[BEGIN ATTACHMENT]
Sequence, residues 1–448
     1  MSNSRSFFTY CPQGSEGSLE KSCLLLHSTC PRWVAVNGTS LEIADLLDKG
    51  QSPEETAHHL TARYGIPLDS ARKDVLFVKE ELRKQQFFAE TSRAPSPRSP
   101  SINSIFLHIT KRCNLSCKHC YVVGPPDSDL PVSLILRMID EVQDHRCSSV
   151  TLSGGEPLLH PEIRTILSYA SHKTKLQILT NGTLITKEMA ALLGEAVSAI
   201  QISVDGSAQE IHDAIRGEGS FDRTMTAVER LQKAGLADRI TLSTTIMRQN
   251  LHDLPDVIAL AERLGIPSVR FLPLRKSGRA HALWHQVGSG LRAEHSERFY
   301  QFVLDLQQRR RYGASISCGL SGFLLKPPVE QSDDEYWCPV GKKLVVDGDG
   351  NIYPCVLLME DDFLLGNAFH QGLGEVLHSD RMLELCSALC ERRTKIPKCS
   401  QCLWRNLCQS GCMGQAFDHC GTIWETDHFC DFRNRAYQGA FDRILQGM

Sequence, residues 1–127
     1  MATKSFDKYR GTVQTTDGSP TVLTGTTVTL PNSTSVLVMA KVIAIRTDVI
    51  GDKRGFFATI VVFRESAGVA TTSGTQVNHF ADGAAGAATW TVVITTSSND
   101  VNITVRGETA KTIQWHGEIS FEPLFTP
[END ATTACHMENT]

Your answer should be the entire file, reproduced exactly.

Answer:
Sequence, residues 1–448
     1  MSNSRSFFTY CPQGSEGSLE KSCLLLHSTC PRWVAVNGTS LEIADLLDKG
    51  QSPEETAHHL TARYGIPLDS ARKDVLFVKE ELRKQQFFAE TSRAPSPRSP
   101  SINSIFLHIT KRCNLSCKHC YVVGPPDSDL PVSLILRMID EVQDHRCSSV
   151  TLSGGEPLLH PEIRTILSYA SHKTKLQILT NGTLITKEMA ALLGEAVSAI
   201  QISVDGSAQE IHDAIRGEGS FDRTMTAVER LQKAGLADRI TLSTTIMRQN
   251  LHDLPDVIAL AERLGIPSVR FLPLRKSGRA HALWHQVGSG LRAEHSERFY
   301  QFVLDLQQRR RYGASISCGL SGFLLKPPVE QSDDEYWCPV GKKLVVDGDG
   351  NIYPCVLLME DDFLLGNAFH QGLGEVLHSD RMLELCSALC ERRTKIPKCS
   401  QCLWRNLCQS GCMGQAFDHC GTIWETDHFC DFRNRAYQGA FDRILQGM

Sequence, residues 1–127
     1  MATKSFDKYR GTVQTTDGSP TVLTGTTVTL PNSTSVLVMA KVIAIRTDVI
    51  GDKRGFFATI VVFRESAGVA TTSGTQVNHF ADGAAGAATW TVVITTSSND
   101  VNITVRGETA KTIQWHGEIS FEPLFTP